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Why the three biggest ticketing trends highlight sport’s need for knowledge

Earlier this month I represented PTI at the Ticketing Business Forum in Manchester, an event held to explore the latest trends in the dynamic world of ticketing    .

I counted three key themes over the course of the event:

1) Demand-based pricing for primary ticket sales markets will soon become mainstream in sport

Dynamic ticket pricing hasn’t been used extensively in sport, at least not compared to industries like travel. Improved technology solutions, the cost-of-living crisis and changing consumer expectations will see teams adjust ticket prices based on more factors, including demand, opponent, seat location and, critically, the number of tickets sold.

2) A seamless, omni-channel digital matchday experience has now become a customer expectation

Sports fans have, on the whole, adapted to digital ticketing – in particular in-app or in-mobile wallet tickets – and recognise how much easier it makes the ticketing process. Next step is ensuring the rest of the matchday experience is as seamless, and it doesn’t require using different apps and emails to order food, use Wi-Fi or vote for player of the match.

3) Rights-holders need to think about a fan’s entire match DAY

All sports rights-holders are looking to maximise event revenue by getting fans to come earlier and stay longer. That means their responsibilities are extended beyond the 90 minutes: from home to arena and back, consumers anticipate a continuous, immersive journey without interruption.

What does it all mean?

If you’re a C-suite professional within a sports team, rights-holder, or events venue, I think it boils down to one fundamental question: Do you truly understand your customers?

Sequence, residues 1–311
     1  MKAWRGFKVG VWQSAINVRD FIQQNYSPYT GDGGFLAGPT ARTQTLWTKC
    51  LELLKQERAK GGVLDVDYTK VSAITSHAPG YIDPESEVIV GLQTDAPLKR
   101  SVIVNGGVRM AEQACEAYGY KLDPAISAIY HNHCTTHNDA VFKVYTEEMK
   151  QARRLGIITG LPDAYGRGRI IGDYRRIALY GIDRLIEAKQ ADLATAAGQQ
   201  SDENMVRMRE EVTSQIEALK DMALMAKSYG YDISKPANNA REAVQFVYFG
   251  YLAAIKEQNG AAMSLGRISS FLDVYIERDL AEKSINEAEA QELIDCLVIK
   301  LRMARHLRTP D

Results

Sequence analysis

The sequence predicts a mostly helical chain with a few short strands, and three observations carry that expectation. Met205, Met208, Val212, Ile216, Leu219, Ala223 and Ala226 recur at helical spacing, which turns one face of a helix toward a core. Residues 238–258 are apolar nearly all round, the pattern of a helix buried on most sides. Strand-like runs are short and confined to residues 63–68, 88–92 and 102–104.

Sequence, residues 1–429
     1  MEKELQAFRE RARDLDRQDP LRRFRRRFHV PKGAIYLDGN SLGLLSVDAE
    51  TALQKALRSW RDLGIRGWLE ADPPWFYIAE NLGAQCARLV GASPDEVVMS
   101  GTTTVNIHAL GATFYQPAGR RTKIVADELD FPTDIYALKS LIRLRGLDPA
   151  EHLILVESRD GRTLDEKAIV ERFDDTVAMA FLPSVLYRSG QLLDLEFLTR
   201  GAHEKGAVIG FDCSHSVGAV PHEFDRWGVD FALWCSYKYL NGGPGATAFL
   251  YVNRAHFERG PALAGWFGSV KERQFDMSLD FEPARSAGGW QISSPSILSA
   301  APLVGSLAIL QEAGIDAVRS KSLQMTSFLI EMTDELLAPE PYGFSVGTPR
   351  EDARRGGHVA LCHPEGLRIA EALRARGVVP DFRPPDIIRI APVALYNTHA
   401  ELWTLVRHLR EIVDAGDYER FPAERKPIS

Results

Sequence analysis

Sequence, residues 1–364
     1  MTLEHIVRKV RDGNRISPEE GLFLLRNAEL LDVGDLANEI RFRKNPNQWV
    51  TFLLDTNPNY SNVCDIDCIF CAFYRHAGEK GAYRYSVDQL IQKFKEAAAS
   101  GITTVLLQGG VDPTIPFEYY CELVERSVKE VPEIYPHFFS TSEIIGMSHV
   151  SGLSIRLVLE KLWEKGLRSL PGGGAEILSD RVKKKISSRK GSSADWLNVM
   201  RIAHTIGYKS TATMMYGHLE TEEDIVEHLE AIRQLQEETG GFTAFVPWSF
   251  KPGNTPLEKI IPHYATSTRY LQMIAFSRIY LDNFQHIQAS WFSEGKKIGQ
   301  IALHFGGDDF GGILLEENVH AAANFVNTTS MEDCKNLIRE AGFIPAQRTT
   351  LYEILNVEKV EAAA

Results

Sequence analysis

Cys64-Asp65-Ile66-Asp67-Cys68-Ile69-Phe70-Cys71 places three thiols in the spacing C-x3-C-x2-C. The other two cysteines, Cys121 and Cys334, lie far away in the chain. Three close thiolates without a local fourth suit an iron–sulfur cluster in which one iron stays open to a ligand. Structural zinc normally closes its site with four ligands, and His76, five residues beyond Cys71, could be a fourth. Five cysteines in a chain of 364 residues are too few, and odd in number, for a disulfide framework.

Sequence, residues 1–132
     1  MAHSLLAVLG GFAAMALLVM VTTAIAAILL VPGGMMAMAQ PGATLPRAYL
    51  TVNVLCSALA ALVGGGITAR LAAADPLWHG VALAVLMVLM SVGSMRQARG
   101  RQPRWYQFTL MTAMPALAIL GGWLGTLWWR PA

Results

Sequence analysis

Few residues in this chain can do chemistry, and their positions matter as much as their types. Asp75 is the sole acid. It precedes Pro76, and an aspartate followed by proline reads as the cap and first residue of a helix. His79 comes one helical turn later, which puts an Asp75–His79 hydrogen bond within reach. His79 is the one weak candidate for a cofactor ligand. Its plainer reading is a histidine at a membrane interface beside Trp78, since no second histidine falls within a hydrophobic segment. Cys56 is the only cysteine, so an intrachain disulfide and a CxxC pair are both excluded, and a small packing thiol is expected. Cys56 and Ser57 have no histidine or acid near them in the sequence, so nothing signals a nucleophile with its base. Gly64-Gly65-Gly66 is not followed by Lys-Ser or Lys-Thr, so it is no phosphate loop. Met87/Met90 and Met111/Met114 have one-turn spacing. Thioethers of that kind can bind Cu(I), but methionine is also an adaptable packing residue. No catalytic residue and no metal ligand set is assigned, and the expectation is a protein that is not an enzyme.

Inherently, the sports and event industries are disparate and siloed, and at PTI, we’ve spent years helping clients mount this challenge, stitching together the silos and crafting genuine, data-driven strategies that drive sports and entertainment organisations forward.

And using the data generated to drive operational efficiencies, improved customer experiences and revenue generation – rather than just storing it in the data warehouse, gathering dust with seasons old banners and merchandise.

Making the required changes and capitalising on the opportunities they open up becomes a daunting task unless you know who customers are and what they want, whether they’re a season ticket holder, an online streamer, or a once-a-year concert go-er.

And in 2024, without a single customer view, supported by a robust data and digital ecosystem, this is impossible.

For instance, how can your organisation implement dynamic ticket pricing without predictive analytics on preferences and purchasing behaviour?

How can you maximise omni-channel commercial benefits without seamless integration across tickets, hospitality, and retail?

And how can you ensure a frictionless customer journey from purchase to post-event engagement without a cohesive digital technology infrastructure?

The live sports event experience has shown its enduring attraction throughout Covid and the cost-of-living crisis. But there are macro trends, such as increased competition for attention challenging younger generations’ interest and engagement with sport, that require sports rights-holders to create new strategic roadmaps for their business and their customers.

Rob Cutler

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